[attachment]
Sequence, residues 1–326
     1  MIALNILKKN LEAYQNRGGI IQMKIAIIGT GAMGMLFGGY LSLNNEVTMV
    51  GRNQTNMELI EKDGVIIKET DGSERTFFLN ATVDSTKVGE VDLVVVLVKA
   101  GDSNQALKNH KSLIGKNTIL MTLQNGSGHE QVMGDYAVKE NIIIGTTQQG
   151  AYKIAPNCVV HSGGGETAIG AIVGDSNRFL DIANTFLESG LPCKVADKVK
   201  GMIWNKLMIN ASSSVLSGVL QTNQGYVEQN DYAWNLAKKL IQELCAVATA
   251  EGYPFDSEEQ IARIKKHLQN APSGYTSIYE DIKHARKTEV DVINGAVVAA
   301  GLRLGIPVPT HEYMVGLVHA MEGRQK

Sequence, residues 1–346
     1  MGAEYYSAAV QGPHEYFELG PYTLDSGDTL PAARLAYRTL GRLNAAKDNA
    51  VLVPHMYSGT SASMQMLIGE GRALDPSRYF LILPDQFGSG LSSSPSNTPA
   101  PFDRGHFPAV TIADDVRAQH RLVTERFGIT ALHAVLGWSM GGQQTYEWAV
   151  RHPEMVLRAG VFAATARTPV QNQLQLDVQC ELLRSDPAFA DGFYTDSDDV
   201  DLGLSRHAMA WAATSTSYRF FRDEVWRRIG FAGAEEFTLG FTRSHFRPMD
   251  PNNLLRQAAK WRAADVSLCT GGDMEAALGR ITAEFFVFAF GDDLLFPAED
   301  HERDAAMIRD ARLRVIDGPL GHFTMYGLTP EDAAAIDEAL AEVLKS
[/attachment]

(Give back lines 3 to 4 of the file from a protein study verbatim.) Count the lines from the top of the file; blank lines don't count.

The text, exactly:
    51  GRNQTNMELI EKDGVIIKET DGSERTFFLN ATVDSTKVGE VDLVVVLVKA
   101  GDSNQALKNH KSLIGKNTIL MTLQNGSGHE QVMGDYAVKE NIIIGTTQQG